Roundup: OptimizeRx, Parabricks, URC, Startup Detroit, ACM and More

The weather is finally starting to cool—I’m a fan of fall —but Michigan’s tech startups and entrepreneurs are still red-hot: they’re raising money, buying competitors and complementary companies, launching new products, and more. Read on for recent news about the state’s innovation community.

—Rochester’s OptimizeRx, a digital health company focused on facilitating digital communication between doctors and the pharmaceutical industry, last week acquired Somerset, NJ-based CareSpeak Communications, a patient engagement platform.

OptimizeRx paid $9 million to buy CareSpeak, and the company says it will help OptimizeRx “expand its reach to communicate directly to patients, resulting in greater medication adherence, persistence, and affordability.” According to a press release, CareSpeak will maintain its New Jersey staff and headquarters.

—The University Research Corridor, a partnership between Michigan State University, the University of Michigan, and Wayne State University, has released its 2017 economic impact report. According to the report, the three universities contributed $18.7 billion to the state’s economy last year, up from $16.5 billion in 2015. The organization says that marks a 46 percent increase since 2007, the year it was formed and began benchmarking its impact on the state of Michigan. The URC also reported that it generated 78,845 jobs in 2017.

Last year, the report says, the URC spent $2.3 billion on research and development, an increase of 54 percent since 2007. The URC also attracted 94 cents of every federal dollar spent on academic research in Michigan, and accounts for 92 percent of all R&D conducted at higher education institutions in the state.

—On September 4, Damian Porcari was sworn in as the new director for the U. S. Patent and Trademark Midwest Regional Office. The Detroit office was one of three satellite USPTO offices made possible by a 2011 Congressional act; in 2012, it was the first of the three to open. The Elijah J. McCoy Midwest Regional Office is located in the Stroh’s Building along Detroit’s riverfront, and it helps tech startups and inventors in Michigan, Illinois, Indiana, Iowa, Kentucky, Minnesota, Missouri, Ohio, and Wisconsin apply for patents.

A2 New Tech is a well-known meet-up group in Ann Arbor that regularly attracts hundreds of participants, serving as fertile ground for cross-pollination among the region’s tech entrepreneurs. Now, thanks to the tireless folks at Bamboo Detroit, there is a Motor City version called Startup Detroit. Organizers say anyone new to the community can go to the accompanying online hub and join the Slack channel. Startup Detroit meet-ups are held the second Thursday of every month; the next one will be on Nov. 8. The meetings are free of charge and open to all.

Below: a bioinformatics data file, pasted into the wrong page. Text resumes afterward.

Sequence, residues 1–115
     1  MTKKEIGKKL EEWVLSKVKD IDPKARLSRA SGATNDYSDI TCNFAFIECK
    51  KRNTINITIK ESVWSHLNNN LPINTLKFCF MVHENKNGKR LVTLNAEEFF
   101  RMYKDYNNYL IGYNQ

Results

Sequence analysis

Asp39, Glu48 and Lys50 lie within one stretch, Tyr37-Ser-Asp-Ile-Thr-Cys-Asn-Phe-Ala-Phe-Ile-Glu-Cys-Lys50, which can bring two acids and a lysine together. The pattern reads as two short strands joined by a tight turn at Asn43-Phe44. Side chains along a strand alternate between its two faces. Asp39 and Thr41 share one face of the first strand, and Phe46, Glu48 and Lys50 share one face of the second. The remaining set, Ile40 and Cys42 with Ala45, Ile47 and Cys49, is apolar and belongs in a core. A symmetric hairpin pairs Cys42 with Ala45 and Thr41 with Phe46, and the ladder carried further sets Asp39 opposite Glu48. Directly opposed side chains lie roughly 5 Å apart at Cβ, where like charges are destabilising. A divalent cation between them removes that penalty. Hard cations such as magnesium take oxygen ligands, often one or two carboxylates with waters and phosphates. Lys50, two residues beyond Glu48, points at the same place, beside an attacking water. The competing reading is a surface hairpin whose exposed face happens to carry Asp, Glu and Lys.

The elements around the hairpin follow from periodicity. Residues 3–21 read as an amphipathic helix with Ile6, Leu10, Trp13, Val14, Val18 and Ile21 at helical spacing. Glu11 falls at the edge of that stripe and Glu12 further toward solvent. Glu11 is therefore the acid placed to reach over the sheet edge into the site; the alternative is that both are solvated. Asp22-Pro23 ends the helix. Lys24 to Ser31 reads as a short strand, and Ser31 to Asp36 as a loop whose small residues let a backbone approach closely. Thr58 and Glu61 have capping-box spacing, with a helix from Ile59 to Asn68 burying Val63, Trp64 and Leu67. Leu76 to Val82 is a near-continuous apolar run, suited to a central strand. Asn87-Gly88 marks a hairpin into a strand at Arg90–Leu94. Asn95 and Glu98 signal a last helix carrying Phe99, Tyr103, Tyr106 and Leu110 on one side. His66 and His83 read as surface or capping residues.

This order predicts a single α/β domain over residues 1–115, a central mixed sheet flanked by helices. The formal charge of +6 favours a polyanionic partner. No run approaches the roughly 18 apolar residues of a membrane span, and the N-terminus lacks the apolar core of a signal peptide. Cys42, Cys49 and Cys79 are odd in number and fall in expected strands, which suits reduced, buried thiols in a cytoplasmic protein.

—The Zell Founders Fund, a venture fund led by students at the University of Michigan, has invested $100,000 in SMPL, a startup founded by a U-M alum. SMPL makes a line of vegan, gluten-free, organic snacks loaded with superfoods. The company, founded by Ellis Fried in 2016 during his junior year in college, came about after he tested hundreds of recipes for energy bars in his kitchen. Ellis said in a press release that he plans to use the money to expand SMPL’s distribution and refine branding.

Parabricks, the Ann Arbor startup using “proprietary high-performance computing techniques” to speed up analysis of genomic data, has received a $748,104 Phase II SBIR grant from the National Science Foundation. The company said in a statement that it planned to use the funding to commercialize its technology and conduct further research. The Michigan Emerging Technologies Fund matched the grant with $125,000 to support commercialization efforts. The company presented its latest product advancements at the annual meeting of the American Society of Human Genetics last week in San Diego.

—The American Center for Mobility in Ypsilanti Township has launched a project to research and test automated convoy platooning. The two-year study will involve both commercial and military-grade trucks, and “aims to autonomously control an entire fleet of vehicles—throttle, brake and steering—while optimizing fuel efficiency and safety,” the ACM said in a statement. The organization also says that if completed, it will be the … Next Page »

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Sarah Schmid Stevenson is the editor of Xconomy Detroit/Ann Arbor. You can reach her at 313-570-9823 or sschmid@xconomy.com. Follow @XconomyDET_AA

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